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LA CROSSE, Wis. — La Crosse Officers Whitney Hughes and Nick Raddant, Washburn's new neighborhood resource officers, have seen firsthand the benefit of the program.

They have partnered up for six years, which coincidentally is the amount of time Washburn has had NROs.

While working in the Field Services Bureau, what the La Crosse Police Department refers to as patrol, they were able to see the impact former Washburn NROs Dan Ulrich and Tyler Rachwal had, making people feel more comfortable talking to officers and coming to them with concerns, complaints or anything else they want to talk about.

"It made our jobs on the road a lot easier, and I think it makes us transitioning into this position a lot easier," Hughes told the La Crosse Tribune. "The amount of welcome that we've had has been so cool, and we owe it to them for paving the way for us."

Hughes and Raddant became NROs on a recent Friday as part of a change to the community policing effort that will give more officers the chance to serve in the role.

Police Chief Shawn Kudron is growing the program and switching things up a little, adding two more neighborhood resource officers in 2020 and rotating the officers out of the position after six years to allow more officers the chance to build those positive relationships.

The program started in 2014 as a community-funded experiment in getting the La Crosse Police Department involved in neighborhood revitalization. It's grown from four neighborhood officers to 10 in 2010.

As an agency, the department has been looking at ways to keep the popular program sustainable.

"We understand that what grew out of the NRO program was a philosophy and it was a relationship-based policing philosophy. ... I want to spread that philosophy within our entire department," Kudron said.

During the six years of the program, Kudron has seen the great work NROs have done in connecting with people and identifying the needs of the community, especially in specific geographic areas.

"That dedicated policing style has been such a good thing for understanding the needs of our community and meeting those needs," Kudron said.

Police are able to work with other city departments, such as the Mass Transit Utility and Parks, Recreation and Forestry Department, as well as La Crosse County and nonprofit entities to connect community members with services.

For example, they work closely with the La Crosse Family Collaborative neighborhood social workers and the La Crosse Collaborative to End Homelessness.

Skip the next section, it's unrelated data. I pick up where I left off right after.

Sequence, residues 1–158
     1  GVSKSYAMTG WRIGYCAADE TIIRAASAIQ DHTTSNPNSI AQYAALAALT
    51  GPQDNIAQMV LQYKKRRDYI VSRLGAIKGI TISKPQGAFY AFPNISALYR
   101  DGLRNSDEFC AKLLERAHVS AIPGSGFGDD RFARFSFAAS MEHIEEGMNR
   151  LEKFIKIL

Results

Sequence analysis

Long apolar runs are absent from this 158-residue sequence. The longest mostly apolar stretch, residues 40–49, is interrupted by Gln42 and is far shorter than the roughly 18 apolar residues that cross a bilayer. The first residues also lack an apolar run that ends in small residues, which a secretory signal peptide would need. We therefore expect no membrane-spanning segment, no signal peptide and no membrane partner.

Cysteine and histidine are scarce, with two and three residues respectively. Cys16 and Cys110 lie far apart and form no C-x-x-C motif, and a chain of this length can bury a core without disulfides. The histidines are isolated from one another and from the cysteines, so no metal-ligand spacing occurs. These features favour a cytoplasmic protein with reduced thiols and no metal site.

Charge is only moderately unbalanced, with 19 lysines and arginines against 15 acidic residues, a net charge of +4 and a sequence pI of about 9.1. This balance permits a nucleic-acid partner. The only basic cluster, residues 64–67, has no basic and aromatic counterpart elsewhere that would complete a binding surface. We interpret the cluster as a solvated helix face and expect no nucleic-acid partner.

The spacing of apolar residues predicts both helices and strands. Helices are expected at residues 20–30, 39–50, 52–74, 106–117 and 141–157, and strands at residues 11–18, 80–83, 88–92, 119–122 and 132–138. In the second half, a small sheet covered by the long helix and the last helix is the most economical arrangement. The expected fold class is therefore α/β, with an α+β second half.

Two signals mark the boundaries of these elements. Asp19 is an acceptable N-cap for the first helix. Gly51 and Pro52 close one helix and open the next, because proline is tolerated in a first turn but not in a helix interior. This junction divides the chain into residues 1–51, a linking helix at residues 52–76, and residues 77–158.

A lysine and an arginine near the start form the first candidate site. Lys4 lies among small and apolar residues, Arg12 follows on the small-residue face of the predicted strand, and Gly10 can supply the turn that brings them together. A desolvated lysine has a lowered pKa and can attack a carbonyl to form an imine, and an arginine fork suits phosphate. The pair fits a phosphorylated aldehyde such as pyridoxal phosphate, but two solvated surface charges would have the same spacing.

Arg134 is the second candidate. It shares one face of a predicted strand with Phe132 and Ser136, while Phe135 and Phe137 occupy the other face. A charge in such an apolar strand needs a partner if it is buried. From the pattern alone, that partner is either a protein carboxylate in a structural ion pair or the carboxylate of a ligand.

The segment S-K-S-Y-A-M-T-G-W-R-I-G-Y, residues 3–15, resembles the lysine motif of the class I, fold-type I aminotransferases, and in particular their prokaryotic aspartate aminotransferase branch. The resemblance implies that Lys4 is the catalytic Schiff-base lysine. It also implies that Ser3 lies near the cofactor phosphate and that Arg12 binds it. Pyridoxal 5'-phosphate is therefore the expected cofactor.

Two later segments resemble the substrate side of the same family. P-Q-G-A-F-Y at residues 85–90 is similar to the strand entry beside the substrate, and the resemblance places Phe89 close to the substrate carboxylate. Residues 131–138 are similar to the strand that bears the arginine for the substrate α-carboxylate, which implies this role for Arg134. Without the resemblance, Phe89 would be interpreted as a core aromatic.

Plus, officers are able to engage with people to learn more about what's going on in specific neighborhoods.

"That's really the goal of the program: Start with those small tidbits of information, be super approachable, be that friendly face that people can come to, so that things don't get out of control and we're not having to deal with the crime on the back end," Hughes said.

The more involved they are in the community, the more they can mitigate problems before those problems become large issues and serious crimes, police say.

"Some of that can be tough to gauge, so to speak, but we believe that the more problem-solving and the more interaction that we're doing on the front end, the better the result," Kudron said.

Those relationships also make it easier when police do need to make an arrest.

"They're also helping us with our job because it opens up so many resources for solving crimes and dealing with any incident that takes place, because we now have all these contacts," Raddant said. "We're helping each other, basically."

Kudron plans to have those NROs rotate out of the position, but remain working a beat in the same neighborhood.

"As those officers get to know people through that NRO-style of relationship-based policing, they still have all those relationships when they're responding to calls," Kudron said.

It will compound the benefit of the NRO program both by having more officers who have those relationships and allowing former NROs to take the things they've learned back to other patrol officers.

"Now you have all those NROs who have been doing it for the last six years. They're going to take it back to shift so that once our six years are up, they're already going to have a handle on how they're going to go into the NRO program if they decide to do that," Raddant said.

Raddant and Hughes, who both have experience training other officers, are excited to share those skills and relationships with other officers and incorporate it into day-to-day policing.

"To be able to then take the skills we've learned and connections we've made and at the end of our six years bring it back to patrol, I think it's really great," Hughes said.